I know, not nearly as fun as the original, but once you become a parent, you make a lot of changes to lyrics. I have taken the song “Bad Mamma Jamma" which says "she's got all the curves a man likes" and turned it into “she’s got all the curls her dad likes" because my kids love this song. I can't teach them the actual lyrics for fear that we have a "Little Miss Sunshine" scenario at school someday soon. Aside from the inappropriate lyrics, it feels strange to promote music to my kids that is actively raunchy or sexist. I intend to continue playing The Rolling Stones, but when they get older I may mention that I don't think The Stones had the right as white British dudes to riff on the Black slave experience with impunity. I realize that it was released decades ago.I just can't believe that they weren't somewhat aware of the significance of the lyrics, though they are hardly the moral compass of rock and roll.
It is their constitutional right to write it, play it and sing it as often as they'd like and those of us who don't like it can write some letters and try and get Tipper Gore and her Parents Music Resource Center involved( don't panic, liberal friends, I'm being facetious)but it speaks to the issue of free speech. If we don't like it,our option is to turn it off, which is a fine option. But what about the stuff you can't turn off or tune out?
While I am all for our rights as Americans, I am of the opinion that the free speech thing has gone a bit too far in some respects( don't panic liberal parents, I am still a fan of the First Amendment). While Larry Flynt has kept us all in disgusting, debasing images of naked women, he has consequently defended our right to print whatever we damn well please.So we are in his debt on the one hand. On the other hand, I don't think it is acceptable for a merchant to display "Anal Bondage" magazine in the front window of his cash register stand( an actual experience) directly in the eye line of everyone under four feet tall. Unless the store services a large population of little people, they must be marketing their products to very young children. My children, to be specific, and that isn't okay with me. I can't imagine that a photograph depicting a mostly nude woman tied up with her nether region up in the air is going to have anything but a negative impact on someone who is four years old. It is akin to a corrupted file that got past the virus software and will eventually damage the internal mechanism.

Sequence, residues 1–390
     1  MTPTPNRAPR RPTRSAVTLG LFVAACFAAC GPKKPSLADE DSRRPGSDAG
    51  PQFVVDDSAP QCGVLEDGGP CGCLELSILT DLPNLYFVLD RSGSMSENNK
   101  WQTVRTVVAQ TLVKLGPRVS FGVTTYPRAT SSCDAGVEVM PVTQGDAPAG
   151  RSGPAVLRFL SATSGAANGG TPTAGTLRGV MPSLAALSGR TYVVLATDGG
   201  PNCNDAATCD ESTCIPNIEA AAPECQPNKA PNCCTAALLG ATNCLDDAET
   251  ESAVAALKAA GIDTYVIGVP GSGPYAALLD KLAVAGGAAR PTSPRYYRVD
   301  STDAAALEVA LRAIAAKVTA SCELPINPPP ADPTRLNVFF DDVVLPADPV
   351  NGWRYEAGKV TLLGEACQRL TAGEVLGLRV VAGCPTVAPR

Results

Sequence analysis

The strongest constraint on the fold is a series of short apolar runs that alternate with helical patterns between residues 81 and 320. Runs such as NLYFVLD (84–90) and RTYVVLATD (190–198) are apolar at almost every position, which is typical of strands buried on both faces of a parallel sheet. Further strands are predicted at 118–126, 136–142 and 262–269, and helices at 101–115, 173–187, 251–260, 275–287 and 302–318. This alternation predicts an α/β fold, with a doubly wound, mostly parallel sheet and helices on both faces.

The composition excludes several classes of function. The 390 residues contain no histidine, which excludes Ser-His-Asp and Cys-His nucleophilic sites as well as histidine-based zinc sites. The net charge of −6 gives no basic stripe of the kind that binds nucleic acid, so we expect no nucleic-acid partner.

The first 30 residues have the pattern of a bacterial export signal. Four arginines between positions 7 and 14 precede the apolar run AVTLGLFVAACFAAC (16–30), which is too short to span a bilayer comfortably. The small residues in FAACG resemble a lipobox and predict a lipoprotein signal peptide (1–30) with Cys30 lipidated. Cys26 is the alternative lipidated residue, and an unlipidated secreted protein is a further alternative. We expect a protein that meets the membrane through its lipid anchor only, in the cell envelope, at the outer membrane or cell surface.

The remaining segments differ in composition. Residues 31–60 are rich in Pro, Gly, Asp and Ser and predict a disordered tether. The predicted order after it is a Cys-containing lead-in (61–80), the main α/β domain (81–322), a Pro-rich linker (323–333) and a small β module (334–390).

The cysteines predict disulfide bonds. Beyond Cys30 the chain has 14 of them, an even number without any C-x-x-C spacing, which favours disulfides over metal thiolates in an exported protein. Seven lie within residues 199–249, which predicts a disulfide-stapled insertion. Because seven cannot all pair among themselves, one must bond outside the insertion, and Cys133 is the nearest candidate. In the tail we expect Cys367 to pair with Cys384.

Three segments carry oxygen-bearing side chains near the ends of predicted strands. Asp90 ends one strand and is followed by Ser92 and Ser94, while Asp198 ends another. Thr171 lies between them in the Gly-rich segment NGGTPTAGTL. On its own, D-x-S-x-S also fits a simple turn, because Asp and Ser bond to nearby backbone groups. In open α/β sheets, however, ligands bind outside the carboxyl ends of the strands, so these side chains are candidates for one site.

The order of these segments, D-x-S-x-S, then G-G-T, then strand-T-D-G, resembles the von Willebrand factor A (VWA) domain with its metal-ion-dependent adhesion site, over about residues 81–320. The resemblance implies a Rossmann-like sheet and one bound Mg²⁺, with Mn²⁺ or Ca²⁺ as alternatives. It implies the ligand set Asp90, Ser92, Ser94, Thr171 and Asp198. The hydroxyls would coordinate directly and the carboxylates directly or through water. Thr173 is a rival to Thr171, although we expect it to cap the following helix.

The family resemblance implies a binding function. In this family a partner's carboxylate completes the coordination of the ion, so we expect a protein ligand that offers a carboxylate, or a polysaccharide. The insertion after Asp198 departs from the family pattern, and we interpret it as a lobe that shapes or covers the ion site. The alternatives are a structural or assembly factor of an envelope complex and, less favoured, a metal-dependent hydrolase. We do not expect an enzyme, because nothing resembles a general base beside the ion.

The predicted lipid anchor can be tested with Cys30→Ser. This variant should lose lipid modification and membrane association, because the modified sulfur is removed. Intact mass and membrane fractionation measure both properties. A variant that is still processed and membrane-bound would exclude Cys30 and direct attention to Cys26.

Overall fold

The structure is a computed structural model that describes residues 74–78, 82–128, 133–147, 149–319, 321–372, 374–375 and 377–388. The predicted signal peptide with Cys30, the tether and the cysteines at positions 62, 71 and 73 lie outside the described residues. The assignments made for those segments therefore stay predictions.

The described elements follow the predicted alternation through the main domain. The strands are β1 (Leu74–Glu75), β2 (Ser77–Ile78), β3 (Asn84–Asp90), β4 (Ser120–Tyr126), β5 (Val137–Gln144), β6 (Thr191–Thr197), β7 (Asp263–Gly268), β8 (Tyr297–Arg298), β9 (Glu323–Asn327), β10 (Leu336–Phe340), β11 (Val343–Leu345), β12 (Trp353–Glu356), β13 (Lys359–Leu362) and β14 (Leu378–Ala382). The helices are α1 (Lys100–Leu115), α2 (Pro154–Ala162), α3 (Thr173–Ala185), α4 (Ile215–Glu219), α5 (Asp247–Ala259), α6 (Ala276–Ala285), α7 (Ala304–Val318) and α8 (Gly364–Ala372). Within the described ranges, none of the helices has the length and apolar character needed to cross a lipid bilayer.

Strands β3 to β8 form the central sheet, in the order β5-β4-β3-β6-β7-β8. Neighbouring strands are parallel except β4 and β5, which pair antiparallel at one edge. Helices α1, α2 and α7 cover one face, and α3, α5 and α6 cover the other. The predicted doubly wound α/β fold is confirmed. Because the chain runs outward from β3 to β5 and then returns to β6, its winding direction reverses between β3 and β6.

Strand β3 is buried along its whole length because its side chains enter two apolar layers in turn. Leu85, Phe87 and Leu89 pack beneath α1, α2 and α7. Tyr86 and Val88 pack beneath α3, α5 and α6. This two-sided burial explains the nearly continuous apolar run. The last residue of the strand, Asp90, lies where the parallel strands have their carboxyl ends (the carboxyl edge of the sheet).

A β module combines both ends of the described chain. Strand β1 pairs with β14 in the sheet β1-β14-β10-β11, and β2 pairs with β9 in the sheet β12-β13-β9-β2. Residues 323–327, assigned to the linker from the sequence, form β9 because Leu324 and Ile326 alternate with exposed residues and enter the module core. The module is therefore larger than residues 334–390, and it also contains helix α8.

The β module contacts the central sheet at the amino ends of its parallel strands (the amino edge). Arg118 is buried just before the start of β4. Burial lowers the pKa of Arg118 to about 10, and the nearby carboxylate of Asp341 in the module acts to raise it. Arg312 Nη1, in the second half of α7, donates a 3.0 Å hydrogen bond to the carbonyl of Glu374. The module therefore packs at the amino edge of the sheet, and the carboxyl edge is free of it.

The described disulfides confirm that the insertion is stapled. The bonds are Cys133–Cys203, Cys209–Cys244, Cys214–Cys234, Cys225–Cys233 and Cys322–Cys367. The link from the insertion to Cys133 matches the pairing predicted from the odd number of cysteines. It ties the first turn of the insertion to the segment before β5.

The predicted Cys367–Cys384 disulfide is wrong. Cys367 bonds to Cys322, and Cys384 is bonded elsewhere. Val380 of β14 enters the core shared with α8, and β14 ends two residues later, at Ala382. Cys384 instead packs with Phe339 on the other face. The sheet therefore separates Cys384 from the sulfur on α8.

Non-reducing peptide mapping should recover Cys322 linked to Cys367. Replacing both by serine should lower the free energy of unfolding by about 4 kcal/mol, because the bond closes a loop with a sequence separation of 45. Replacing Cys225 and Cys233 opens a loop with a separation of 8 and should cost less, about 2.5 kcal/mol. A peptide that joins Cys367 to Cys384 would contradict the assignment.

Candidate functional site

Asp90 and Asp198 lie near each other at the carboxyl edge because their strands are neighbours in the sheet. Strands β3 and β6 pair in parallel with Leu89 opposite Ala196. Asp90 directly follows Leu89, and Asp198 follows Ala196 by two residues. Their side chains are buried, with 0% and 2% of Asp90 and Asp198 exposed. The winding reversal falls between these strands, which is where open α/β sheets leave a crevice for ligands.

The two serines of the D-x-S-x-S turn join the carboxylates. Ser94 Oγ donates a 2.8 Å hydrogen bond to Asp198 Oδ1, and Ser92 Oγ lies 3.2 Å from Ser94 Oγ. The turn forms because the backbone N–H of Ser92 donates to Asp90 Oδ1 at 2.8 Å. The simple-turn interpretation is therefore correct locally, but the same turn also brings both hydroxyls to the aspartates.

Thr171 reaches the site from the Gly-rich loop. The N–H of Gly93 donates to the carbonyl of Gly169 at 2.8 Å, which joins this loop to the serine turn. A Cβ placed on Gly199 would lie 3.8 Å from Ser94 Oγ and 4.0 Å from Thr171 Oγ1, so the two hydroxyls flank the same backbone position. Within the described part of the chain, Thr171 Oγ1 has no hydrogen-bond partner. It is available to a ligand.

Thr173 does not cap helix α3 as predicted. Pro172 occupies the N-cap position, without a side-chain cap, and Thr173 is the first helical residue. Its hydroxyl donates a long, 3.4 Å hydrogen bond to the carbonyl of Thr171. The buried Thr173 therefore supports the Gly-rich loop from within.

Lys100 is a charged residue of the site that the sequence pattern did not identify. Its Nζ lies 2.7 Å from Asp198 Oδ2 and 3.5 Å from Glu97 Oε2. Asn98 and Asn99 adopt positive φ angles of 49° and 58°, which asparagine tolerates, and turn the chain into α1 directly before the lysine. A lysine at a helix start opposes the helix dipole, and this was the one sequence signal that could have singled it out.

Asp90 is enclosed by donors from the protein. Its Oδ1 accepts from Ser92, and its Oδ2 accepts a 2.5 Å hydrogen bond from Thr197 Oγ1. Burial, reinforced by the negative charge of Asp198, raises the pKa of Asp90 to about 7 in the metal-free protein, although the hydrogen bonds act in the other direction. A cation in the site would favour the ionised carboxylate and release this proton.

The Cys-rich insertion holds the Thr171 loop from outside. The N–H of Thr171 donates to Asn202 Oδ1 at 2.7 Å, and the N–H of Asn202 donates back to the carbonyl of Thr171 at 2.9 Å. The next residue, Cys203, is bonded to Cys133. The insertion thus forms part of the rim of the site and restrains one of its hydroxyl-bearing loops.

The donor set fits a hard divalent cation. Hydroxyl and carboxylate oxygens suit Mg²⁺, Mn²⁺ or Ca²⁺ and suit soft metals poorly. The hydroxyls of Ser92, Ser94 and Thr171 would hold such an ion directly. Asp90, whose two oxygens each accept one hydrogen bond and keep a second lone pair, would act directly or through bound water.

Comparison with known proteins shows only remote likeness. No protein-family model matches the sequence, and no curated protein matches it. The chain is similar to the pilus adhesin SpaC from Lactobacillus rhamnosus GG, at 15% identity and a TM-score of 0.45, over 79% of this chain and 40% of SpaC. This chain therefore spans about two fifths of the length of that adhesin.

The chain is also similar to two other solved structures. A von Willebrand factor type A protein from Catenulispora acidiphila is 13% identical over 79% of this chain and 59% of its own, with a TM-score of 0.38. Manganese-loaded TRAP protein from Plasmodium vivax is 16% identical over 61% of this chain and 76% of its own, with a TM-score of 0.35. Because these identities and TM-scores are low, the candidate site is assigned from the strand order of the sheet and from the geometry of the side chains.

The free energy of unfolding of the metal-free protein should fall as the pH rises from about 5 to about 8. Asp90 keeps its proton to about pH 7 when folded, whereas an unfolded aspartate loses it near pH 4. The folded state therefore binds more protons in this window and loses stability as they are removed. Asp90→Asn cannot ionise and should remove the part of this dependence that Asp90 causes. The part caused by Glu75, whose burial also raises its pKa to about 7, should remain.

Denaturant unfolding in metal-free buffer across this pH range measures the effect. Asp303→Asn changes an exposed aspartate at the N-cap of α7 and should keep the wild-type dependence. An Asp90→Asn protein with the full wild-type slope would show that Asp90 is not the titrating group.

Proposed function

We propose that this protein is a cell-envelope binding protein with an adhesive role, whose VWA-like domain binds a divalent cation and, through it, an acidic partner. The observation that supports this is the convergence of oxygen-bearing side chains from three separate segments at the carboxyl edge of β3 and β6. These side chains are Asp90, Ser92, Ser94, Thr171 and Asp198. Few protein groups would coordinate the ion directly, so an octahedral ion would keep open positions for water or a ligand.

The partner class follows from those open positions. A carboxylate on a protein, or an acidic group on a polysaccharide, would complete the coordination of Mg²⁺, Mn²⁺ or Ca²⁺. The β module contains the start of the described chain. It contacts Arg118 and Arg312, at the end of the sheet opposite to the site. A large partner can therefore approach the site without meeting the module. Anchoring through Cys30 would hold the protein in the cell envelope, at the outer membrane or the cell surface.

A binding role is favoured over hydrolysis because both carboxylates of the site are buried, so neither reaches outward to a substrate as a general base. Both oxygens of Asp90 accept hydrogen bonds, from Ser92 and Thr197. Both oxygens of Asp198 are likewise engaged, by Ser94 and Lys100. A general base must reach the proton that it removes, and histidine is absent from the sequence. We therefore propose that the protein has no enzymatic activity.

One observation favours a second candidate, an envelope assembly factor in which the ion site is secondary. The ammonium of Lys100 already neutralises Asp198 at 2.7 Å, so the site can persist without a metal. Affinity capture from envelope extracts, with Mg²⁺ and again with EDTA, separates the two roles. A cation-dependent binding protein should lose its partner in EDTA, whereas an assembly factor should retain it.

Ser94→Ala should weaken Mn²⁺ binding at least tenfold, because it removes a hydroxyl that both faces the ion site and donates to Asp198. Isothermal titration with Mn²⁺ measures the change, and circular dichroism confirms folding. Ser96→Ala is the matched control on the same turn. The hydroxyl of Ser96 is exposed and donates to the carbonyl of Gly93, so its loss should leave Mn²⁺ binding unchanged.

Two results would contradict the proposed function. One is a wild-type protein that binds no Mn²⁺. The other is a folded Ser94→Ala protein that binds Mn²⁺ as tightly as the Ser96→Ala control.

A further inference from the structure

We must agree as a society that everything we see is imprinted in our brain, forever. Certain images that I have seen or had described to me with respect to sexual slavery, animal abuse, factory farming- you name it, they are there forever and often rear their ugly but truthful heads at inopportune moments. Nothing kills a romantic evening quicker than a flashback of a little girl describing her ordeal at the hands of her rapist adoptive father.Thanks Oprah....
What about the preponderance of violent or overly sexual song lyrics, gory video games and accessible pornographic imagery?It has been an issue for years and while it would be nice to be able to say that there is no relationship between what we see and how we behave, any parent can tell you that after their kids watch something on television, they basically incorporate it into their fantasy play. Mine become Cinderella, or Belle, or an ugly step sister on occasion.They are little sponges that soak it up and spit it out, which is why it is so important to monitor what goes in.